How are feedback control loaders used in simulation? Why are they used in full-flight simulators? How did they come into use? Let's explore...
Let's start with the basics... what is a feedback control loader? or more simply, a control loader? Well, it isn't a large piece of machinery for farming...
A control loader is used to provide pilots with realistic flight control forces in a flight simulator or training device. These are used in both commercial and military training applications (wikipedia). Ok... so what? So let's explore a little history here...
The history of control loading systems starts with the history of flight simulation. The first flight simulator was the Link Trainer, also known as the Blue Box (see our other blog article on the history here). This was developed in the 1920s and used pumps, valves and bellows to provide the flight control forces. The next development in control loading systems was the use of hydraulic actuators to provide the forces required on the flight controls. These were utilized for around 20 years in the simulator industry until the development of electric actuators (wikipedia). Here's where we depart from the wikipedia article... Electric actuators have been around since the late 1980's... over 30 years! I was there at the beginning. Servos & Simulation was on the forefront as our first models were all electric!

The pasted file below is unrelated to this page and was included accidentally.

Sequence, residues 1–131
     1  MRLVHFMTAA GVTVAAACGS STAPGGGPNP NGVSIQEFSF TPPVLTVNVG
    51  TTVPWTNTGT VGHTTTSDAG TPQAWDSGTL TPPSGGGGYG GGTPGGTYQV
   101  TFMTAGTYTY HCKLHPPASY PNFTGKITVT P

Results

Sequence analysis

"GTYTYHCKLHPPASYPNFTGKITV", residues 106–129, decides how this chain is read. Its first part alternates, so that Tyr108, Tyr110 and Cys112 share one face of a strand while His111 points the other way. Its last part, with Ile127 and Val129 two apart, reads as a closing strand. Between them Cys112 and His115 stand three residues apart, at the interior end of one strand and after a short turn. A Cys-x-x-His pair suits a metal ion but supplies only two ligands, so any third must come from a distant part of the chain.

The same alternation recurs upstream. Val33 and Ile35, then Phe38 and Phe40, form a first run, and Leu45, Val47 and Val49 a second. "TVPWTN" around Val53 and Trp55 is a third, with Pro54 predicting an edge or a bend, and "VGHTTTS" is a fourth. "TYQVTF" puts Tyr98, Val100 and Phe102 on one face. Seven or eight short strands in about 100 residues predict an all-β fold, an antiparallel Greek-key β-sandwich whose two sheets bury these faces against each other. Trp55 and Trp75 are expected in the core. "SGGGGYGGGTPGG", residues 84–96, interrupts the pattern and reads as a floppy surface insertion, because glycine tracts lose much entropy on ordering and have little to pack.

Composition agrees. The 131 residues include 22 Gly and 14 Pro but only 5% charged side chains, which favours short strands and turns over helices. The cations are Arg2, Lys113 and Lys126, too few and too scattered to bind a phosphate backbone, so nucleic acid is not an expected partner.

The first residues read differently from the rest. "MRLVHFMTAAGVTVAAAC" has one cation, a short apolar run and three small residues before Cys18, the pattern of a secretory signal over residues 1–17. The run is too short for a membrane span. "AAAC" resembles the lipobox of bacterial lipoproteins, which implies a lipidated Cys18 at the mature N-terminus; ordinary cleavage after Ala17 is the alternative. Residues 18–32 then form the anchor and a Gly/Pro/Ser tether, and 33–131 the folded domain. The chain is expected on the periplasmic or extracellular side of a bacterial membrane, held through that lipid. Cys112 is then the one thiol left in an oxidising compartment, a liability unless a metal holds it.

So from a little history, we learned that pumps, bellow and valves were used to provide flight control forces from the aircraft to the pilot. Over time, the force the pilot puts on the flight controls and the force that the aircraft dynamics communicates to the flight are interconnected. This reading of the pilot force and the writing of the aircraft's response to that force via its flight dynamics math model creates what is known as a feedback loop.